Manning calls on leaders to take Ownership of Ethnic Clashes

Commissioner of Police David Manning has called upon the leaders of the Goilala and Hela people to take ownership of and end the ethnic clash in the nation’s capital.

Mr Manning said the recent ethnic clash had  caused so much fear and anxiety within the community in the National Capital District over the last three days. “Whilst Police is out on the streets of Port Moresby to prevent further blood-shed and keep the peace, real and lasting peace and normalcy can be restored with the assistance of the leadership of both groups at the family, clan, tribal, ward, district, provincial and national levels.

“These ethnic clashes have been going on for some time now between various ethnic groups within the NCD and also in other parts of the country. “We need to seriously look into these clashes and identify the underlying causes. Whilst drugs and alcohol may be contributing factors, there could be other reasons as well.

“Law and order is not an exclusive police responsibility but is everyone’s business. So leaders at all levels of society must step up and take responsibility,” Mr Manning said. Mr Manning, who is also the Controller of the PNG COVID-19 National Pandemic Response said the COVID-19 pandemic has claimed the lives of 115 people and infected over 10,000.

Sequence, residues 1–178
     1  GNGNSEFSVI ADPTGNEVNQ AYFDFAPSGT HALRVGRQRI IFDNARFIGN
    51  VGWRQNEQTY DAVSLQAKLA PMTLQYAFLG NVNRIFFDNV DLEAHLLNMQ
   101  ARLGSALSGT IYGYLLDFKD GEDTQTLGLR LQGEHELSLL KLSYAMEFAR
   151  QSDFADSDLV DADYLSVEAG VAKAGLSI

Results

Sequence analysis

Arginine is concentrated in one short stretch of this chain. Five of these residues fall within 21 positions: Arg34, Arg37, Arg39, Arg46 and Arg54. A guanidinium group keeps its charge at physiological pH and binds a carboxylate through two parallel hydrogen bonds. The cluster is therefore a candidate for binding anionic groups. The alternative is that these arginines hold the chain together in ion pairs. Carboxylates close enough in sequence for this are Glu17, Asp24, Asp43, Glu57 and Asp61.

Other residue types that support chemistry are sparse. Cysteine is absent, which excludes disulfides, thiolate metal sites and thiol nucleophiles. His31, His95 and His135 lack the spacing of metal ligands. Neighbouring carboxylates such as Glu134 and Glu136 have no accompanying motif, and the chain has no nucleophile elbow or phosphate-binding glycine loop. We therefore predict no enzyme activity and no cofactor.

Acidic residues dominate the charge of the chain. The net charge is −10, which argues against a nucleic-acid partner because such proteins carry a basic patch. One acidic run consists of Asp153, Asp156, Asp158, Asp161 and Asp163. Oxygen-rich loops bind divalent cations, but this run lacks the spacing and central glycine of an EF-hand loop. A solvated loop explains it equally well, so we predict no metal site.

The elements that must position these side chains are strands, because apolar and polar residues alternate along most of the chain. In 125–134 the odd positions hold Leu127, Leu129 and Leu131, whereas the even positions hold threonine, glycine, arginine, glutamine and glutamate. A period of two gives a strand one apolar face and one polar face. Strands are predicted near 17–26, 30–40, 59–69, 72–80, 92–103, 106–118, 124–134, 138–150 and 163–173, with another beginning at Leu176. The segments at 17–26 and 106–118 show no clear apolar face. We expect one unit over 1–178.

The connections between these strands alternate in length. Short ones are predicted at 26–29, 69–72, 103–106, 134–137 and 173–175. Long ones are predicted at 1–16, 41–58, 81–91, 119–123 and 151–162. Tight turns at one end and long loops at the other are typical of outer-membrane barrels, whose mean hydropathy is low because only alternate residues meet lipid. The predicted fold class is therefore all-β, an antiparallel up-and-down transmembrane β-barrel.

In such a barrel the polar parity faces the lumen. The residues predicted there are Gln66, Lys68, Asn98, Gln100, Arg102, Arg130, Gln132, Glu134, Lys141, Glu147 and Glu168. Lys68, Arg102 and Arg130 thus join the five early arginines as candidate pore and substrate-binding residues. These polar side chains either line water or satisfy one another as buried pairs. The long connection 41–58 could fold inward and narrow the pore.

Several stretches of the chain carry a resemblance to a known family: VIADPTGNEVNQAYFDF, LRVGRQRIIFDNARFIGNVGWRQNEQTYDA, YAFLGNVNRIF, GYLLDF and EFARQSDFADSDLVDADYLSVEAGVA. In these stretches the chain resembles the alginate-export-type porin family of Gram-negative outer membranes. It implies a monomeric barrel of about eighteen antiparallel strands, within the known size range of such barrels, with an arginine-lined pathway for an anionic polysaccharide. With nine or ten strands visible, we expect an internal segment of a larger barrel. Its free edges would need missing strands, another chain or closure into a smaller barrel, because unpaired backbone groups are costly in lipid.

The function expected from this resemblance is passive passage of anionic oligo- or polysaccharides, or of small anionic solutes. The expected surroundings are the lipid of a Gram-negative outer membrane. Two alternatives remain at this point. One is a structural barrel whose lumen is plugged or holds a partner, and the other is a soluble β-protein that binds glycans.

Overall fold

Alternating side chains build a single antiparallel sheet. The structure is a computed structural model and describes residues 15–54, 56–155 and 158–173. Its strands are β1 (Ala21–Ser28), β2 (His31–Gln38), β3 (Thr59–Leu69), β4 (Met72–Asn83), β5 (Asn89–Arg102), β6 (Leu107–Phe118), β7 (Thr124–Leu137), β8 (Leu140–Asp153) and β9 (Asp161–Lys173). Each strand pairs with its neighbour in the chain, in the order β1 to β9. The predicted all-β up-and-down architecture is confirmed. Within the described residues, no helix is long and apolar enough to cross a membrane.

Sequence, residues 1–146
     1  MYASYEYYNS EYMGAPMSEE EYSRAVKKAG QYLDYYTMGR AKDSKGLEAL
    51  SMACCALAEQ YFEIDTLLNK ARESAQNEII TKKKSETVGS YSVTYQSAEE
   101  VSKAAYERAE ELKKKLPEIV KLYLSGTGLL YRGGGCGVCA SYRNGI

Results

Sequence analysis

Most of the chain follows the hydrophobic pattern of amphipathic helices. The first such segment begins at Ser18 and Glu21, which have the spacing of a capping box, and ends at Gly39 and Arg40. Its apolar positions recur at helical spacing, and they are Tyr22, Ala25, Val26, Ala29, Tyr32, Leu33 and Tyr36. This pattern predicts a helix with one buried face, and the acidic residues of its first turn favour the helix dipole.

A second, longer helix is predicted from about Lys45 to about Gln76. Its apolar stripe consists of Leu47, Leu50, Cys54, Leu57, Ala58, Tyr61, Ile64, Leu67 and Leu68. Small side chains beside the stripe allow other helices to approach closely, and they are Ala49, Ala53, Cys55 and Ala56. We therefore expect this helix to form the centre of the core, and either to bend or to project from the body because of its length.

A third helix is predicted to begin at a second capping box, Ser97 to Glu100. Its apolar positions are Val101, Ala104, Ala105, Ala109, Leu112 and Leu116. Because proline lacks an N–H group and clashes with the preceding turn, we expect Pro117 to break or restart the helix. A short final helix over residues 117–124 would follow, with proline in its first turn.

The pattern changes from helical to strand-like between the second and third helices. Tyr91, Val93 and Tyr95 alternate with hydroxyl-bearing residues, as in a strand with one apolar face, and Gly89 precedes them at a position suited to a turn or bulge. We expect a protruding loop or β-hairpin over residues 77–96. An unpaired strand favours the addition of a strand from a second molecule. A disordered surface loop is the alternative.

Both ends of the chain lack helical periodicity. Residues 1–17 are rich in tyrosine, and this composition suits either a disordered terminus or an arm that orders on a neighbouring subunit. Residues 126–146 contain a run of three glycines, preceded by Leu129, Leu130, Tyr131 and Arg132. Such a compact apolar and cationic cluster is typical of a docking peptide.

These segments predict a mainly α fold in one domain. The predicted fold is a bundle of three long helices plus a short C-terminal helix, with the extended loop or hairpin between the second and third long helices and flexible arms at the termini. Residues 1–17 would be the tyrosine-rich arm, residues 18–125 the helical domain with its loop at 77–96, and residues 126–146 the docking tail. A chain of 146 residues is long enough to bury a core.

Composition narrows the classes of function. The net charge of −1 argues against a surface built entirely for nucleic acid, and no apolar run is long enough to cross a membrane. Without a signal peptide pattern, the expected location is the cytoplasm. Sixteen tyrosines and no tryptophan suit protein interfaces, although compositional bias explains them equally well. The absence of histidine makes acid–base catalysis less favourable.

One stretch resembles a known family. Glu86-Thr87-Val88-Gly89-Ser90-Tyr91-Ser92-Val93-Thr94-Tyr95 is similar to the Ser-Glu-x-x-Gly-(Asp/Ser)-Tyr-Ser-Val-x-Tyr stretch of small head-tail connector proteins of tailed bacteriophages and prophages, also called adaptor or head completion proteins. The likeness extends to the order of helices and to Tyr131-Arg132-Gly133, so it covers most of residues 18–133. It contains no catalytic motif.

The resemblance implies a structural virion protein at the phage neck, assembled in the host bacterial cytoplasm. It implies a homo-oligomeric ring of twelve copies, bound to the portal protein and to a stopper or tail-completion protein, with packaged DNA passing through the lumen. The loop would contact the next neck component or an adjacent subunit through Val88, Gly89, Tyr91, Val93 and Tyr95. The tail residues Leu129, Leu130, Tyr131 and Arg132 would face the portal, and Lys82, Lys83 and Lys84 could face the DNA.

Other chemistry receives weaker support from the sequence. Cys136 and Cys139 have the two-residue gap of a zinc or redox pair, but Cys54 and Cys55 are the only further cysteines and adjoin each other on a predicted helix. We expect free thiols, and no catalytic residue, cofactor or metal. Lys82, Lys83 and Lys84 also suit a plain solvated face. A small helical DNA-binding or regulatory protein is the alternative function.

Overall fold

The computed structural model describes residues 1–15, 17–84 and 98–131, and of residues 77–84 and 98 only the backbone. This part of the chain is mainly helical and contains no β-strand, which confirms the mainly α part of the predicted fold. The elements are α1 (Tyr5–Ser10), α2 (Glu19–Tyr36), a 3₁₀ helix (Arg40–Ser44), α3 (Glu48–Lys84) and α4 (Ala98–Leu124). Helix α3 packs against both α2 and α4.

“Health facilities around the country are overwhelmed with addressing COVID-19 and ongoing health concerns and the last thing they need are additional patients injured from these ethnic clashes. “These ongoing ethnic clashes are symptoms of serious underlying problems within our country and we all need to address them instead of expecting them to go away. Police are currently playing a fireman’s role and we are under resourced and do not have the numbers to keep up this role. “ Society at large needs to step up and accept that they have a shared responsibility to law and order as well,” Mr Manning said.

In the meantime Mr Manning said as a short-term solution an option currently being discussed with the government,  is a state of emergency for NCD. For the long-term Mr Manning suggested revisiting other proposals such as the reintroduction of the Vagrancy Act, but this time as a provision under a proposed Internal Protection and Security Act.

“What is happening around the country should serve as a warning to all of us that things are not right and we need to start planning now and put in place better laws, systems and structures for a better future,” Mr Manning said.